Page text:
I called home for Mom and Dad’s 54th wedding anniversary. Mom answered, a bit breathless, and started off with an apology. “Sorry, I’m out of breath. I was just vacuuming. You should see the dog hairs…they’re shedding all over the place.”
Nothing remarkable about that, except that Mom’s scheduled to have major surgery tomorrow, risky surgery. But with two collies shedding their beautiful fur all over the place now, vacuuming wins out over worrying–and resting. Mom’s got an engine that rarely sputters and never quits. She needed that strength to raise ten of us.
We talked a bit, joked back and forth and then somehow the conversation turned around to her. I just had to tell her, once more. “Thanks, Mom. You’re a great mom.”
She got serious for a moment, paused, and then stated simply, “You take what you’ve been given and you do the best you can with it. I’m not rich like Paris Hilton and I’m not a saint like Mother Teresa…But you do the best you can with what you’ve got.”
One thing’s for sure: Mom’s philosophy of “do the best you can with what you’ve got” had practical application when we were growing up. Unexpected company coming and not much meat to go around? She’d add more sauce or potatoes, and say “FHB,” or “family hold back.” You do the best you can. Wearing K-mart sneakers in my first high school state track meet? Just run faster. “You do the best you can with what you’ve got.” (K-mart showed well. I doubt Nike could have done any better.) Overwhelmed by a math test, history quiz, and a paper due, all on the same day? “Do the best you can.” (To which she was likely to add, however, “Just get the damn things done.”)
But it wasn’t until I became a mom myself, that I understood the meaning behind her words more deeply. “Doing the best we can with what we’ve got” means taking stock of “what we’ve got,” both humanly and spiritually–and realizing that perfection is impossible.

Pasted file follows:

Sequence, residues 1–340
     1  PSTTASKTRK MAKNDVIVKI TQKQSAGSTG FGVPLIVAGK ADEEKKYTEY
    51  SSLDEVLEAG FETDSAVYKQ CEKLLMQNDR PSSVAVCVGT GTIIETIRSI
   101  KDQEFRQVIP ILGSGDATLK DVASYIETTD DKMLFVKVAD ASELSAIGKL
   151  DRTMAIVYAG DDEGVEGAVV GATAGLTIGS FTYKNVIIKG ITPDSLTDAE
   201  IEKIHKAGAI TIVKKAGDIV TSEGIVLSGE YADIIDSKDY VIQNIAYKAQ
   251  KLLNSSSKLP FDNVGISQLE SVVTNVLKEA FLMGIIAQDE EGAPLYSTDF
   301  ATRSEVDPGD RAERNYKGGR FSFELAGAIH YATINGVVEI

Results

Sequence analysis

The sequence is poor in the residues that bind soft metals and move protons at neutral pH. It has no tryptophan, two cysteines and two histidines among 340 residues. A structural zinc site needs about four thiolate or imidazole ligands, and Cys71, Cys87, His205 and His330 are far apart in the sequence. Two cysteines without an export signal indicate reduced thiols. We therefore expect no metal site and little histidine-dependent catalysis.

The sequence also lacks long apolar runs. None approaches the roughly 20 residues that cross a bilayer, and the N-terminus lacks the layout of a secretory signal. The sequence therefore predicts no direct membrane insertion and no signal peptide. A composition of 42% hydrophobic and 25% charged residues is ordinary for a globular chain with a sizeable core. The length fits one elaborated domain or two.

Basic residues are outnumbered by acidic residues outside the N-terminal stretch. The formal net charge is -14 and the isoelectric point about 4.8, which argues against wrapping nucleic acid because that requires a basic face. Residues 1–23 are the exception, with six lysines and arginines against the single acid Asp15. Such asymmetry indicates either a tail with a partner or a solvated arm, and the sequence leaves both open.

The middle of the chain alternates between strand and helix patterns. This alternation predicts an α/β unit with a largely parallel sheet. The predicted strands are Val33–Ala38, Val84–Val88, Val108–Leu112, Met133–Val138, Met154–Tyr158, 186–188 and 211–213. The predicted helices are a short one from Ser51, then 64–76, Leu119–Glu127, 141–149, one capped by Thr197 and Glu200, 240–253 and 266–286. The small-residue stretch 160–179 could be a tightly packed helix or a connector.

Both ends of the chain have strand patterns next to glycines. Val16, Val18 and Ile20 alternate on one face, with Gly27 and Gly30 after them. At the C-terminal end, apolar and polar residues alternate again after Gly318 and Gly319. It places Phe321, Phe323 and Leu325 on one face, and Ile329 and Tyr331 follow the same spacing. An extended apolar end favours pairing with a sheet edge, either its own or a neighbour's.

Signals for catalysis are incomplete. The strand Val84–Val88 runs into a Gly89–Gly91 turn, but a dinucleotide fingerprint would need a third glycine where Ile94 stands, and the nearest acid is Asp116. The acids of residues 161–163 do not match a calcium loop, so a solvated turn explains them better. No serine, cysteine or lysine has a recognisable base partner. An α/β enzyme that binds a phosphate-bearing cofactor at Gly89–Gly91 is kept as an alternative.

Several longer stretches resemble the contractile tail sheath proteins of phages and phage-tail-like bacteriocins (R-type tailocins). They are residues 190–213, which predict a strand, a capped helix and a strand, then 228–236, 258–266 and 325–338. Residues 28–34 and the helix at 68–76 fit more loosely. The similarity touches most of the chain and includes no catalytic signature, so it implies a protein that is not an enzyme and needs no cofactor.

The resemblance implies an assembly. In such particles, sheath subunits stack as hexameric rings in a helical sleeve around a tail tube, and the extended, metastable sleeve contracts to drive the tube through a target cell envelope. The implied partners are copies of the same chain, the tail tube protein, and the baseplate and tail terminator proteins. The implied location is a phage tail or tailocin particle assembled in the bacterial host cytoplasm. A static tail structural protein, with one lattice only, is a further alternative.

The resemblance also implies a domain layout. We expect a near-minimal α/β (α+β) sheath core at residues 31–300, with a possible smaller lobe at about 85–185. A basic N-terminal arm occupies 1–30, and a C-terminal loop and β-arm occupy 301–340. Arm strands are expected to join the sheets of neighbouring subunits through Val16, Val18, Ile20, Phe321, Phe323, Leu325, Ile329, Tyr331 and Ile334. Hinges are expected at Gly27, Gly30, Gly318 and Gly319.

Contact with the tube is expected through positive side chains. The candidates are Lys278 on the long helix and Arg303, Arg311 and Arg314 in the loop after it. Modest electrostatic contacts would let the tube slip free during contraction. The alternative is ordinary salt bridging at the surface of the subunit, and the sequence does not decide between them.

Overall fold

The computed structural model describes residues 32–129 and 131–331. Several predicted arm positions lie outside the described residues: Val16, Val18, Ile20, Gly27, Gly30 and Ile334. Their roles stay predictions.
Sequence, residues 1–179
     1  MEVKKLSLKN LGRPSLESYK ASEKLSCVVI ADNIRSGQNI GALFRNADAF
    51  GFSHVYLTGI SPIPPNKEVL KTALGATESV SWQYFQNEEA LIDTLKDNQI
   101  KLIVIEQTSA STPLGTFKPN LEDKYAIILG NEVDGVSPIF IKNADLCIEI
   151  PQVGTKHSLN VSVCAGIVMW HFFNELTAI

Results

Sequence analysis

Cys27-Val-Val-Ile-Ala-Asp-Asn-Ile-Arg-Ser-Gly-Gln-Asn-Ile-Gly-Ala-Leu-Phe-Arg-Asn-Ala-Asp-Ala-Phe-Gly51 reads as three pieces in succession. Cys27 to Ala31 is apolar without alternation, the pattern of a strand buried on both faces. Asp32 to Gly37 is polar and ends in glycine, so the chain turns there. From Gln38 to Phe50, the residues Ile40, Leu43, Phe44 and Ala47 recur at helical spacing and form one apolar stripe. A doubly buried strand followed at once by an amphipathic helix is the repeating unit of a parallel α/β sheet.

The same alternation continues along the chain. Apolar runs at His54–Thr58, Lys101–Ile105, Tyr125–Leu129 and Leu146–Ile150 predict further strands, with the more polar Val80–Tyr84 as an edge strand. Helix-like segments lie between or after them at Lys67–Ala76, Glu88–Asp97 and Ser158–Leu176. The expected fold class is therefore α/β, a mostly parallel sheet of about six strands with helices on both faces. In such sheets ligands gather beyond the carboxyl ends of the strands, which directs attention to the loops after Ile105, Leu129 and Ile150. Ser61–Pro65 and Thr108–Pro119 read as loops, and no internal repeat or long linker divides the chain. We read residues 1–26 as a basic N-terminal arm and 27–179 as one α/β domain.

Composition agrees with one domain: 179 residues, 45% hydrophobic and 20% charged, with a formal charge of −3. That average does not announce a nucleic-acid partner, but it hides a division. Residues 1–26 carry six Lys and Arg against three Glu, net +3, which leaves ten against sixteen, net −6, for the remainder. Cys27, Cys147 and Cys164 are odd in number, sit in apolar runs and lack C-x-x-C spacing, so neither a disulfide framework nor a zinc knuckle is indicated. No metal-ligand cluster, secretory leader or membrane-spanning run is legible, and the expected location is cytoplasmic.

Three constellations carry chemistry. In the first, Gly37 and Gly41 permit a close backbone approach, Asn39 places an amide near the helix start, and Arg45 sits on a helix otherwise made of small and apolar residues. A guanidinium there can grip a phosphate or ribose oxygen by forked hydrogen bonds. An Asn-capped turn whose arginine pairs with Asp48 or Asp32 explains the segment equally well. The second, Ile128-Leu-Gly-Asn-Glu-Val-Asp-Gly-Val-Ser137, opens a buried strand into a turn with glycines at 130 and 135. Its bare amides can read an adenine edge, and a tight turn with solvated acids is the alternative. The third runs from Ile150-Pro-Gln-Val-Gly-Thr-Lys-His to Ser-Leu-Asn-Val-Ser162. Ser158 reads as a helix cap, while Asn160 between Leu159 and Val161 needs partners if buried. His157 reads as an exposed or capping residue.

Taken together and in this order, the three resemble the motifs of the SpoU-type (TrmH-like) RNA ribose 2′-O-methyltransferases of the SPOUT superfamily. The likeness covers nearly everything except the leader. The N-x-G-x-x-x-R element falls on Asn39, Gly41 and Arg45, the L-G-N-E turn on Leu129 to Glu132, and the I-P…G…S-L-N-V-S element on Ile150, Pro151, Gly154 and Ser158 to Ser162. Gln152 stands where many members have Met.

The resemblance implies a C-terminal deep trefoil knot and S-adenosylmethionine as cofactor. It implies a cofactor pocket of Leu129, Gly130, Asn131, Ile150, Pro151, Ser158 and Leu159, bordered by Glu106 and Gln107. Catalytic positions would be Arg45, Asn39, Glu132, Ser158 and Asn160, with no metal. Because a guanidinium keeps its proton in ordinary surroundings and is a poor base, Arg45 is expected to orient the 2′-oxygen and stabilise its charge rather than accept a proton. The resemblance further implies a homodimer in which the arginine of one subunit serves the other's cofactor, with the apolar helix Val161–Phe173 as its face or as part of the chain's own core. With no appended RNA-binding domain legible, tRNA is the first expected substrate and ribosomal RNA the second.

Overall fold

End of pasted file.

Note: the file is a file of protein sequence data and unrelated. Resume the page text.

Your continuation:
Our limitations don’t hide for long. We see them when we’re bone-weary from the day’s work, but more work awaits; when we’re bewildered, sensing that something’s wrong with a child, a relationship, or a situation, but we don’t know what; when we face decisions that need experience, expertise, or time that we don’t have; and when we see others’ emotional needs go unmet, because we are running on empty. These are the times when our human weakness overwhelms us.
But these are the times that lead us to make room for God.
For most of us, our hearts are crowded places, where big ambitions, selfishness, and concern over others’ opinions all jostle for space, leaving little room for God. And we’re often unwilling to clean house, spiritually, until our failures, weaknesses, and imperfections drive us to do a clean sweep. And then we’re ready to invite God in— which leads me to the rest of my conversation with Mom.
Her prescription for motherhood, “You do the best you can with what you’ve got,” is just the beginning. With the confidence born of experience, prayer, and many struggles, she declares the next steps, “Then you let God do the rest.” (I could imagine her shrugging) “And, you don’t worry about it.”
Motherhood, as my Mom has shown me, means letting God fill the gap between what my family needs in a given situation and what I have to give. It means living in the truth about who I am (limitations aplenty) and who God is (power and perfection).
And it means developing that confident faith and expectant hope that God will indeed “work all things to the good of those who love him.” (Rom. 8:28)
There’s no need to be the perfect mom. All I need to be is a mom who depends on the love of a perfect God.
(c) 2010 Mary Rice Hasson